My Holocaust is one of those only-in-the-free-world artifacts: a black comedy that savages everything, in this case with Zyklon B. A moneygrubbing father and son père a US Holocaust Memorial Museum director who lies about his partisan high jinks, fils a nebbishy tour leader milk the shoah: "There was nothing like the Holocaust to bag a straying Jew it was the best-seller, it was top of the line, it got the customer every time." Go on, you're supposed to laugh as they perform "fund-raising foreplay" on potential donors, wolfing sausage and pork roast bought with American tax dollars. The donors, "broiled red faces" awobble, are pigs too. In this cowardly new world, victim groups battle over whose holocaust hurts worst: nations, ethnicities, "the ferret holocaust, the mad-cow holocaust, the right-to-bear-arms holocaust, the Confederate flag holocaust, the Falun Gong holocaust ... the Gynecological and Menstrual Holocaust." It's a futuristic fantasy filtered through the New Brutalism: monstrosities lushly rendered. The flinching is reflexive as Reich indicts anyone who ever trivialized a bloodbath: all those latter-day gleaners who "have corrupted and befouled the sanctuary ... grown fat and depraved on the gifts and the offerings, despoiling the holy place." Who's laughing now?
After her preacher-father drove her family into trailer-park poverty and her mother to electroshock therapy Darcey Steinke decided she was done with God. As recounted in her memoir Easter Everywhere (Bloomsbury, $24.95), she and he had a rapprochement, but only after she hit bottom. After the abortion. After being left for another man by her nihilistic Irish lover: "Fucking Colin was like fucking a current of warm water ... his inattention had a holy quality." After her husband, with whom she'd collected thrift-shop Jesus paintings as a joke, pointed out her postnatal sags. Isn't that always the way? "My soul, long dormant, had woken and was starving, crying out like a famished infant," Steinke reflects. "I am not able to break with Christianity." As did Anne Lamott in another book, Steinke, who is white, found hope in an African-American church where the spirit-stricken flail as "ushers gather around ... like agitated seagulls." A new friend confides: "God is the man who brings the food!"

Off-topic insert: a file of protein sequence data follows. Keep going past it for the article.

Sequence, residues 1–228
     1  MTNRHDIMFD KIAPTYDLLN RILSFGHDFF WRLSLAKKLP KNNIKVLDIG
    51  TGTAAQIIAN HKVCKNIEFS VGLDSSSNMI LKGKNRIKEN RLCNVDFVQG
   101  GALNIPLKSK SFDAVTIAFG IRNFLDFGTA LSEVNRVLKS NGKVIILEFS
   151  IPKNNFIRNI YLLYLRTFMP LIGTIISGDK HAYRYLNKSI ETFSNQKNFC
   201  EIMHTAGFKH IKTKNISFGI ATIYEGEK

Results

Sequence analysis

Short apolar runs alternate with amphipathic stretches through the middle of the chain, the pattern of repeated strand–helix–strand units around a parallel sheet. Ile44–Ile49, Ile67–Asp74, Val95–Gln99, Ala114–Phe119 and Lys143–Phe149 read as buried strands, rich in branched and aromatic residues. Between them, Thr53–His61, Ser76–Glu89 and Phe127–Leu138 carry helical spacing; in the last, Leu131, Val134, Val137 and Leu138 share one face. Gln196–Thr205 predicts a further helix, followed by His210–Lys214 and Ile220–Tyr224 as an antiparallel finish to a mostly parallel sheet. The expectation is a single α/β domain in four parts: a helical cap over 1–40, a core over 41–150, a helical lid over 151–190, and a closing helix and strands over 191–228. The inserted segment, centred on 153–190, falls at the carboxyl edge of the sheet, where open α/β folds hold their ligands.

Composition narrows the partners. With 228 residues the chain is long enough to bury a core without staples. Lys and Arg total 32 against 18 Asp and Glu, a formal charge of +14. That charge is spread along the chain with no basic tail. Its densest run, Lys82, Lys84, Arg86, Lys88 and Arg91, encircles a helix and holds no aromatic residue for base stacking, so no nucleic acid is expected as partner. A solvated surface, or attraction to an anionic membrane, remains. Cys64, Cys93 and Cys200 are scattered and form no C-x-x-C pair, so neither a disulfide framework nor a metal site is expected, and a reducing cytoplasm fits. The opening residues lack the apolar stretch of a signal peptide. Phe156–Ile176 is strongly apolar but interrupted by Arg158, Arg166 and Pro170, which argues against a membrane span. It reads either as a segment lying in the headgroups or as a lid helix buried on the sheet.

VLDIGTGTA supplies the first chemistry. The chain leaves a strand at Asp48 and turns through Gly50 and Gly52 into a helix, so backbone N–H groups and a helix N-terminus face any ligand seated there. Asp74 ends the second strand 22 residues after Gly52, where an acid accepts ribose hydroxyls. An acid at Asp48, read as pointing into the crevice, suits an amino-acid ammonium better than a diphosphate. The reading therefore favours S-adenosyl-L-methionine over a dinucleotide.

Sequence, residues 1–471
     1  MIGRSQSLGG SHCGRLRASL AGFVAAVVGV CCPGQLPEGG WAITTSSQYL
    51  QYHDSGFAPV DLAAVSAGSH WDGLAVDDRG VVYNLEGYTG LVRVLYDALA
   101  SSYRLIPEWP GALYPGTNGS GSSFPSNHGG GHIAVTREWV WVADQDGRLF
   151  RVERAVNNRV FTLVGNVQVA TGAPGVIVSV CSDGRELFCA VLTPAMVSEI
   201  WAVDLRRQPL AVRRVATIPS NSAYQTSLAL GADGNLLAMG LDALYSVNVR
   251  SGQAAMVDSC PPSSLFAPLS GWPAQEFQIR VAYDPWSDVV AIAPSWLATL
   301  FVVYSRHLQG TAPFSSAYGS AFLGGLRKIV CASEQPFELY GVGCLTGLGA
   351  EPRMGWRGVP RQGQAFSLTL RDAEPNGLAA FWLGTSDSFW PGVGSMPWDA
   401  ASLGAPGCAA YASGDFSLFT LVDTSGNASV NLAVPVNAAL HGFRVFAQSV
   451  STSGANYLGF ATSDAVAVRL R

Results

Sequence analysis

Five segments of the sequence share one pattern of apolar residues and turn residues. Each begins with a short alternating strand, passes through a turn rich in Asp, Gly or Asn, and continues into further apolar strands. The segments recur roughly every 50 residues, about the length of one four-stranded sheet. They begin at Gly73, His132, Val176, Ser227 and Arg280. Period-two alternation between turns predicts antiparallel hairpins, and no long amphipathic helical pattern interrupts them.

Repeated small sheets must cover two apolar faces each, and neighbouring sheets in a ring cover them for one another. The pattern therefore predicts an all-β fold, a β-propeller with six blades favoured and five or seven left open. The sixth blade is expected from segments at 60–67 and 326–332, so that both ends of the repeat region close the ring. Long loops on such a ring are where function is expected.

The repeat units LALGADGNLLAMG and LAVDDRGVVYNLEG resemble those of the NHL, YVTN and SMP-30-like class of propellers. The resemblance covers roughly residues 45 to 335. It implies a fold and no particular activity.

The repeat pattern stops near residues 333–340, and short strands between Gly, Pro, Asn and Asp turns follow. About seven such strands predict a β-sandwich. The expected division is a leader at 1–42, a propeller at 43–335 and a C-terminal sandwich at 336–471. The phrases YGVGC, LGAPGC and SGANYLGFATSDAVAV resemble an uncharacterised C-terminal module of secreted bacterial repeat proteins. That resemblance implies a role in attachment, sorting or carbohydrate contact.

When the going gets tough, the faithful get ... God, but not right away, not like IM-ing him and hearing right back. That would be too easy. Certain elements recur in these books with jarring frequency, and one of them is clinical depression. Crittenden, Steinke, and Pierce all plunged into it. Crittenden and Pierce subsisted on Ensure. Steinke starved and dry-heaved. All three found redemption in medication: "A new bottle made me cocky with the thrill of access," Crittenden confides. Steinke remembers: "I paid for my drugs and stood outside the pharmacy, ripped open the prescription bag, unscrewed the childproof cap, and held the small pink pill." Pierce "folded the little white prescription notes in half and handed them to my husband. 'Here, honey,' I said. 'Better get these filled.'"
But behold: Maybe God made Zoloft, too.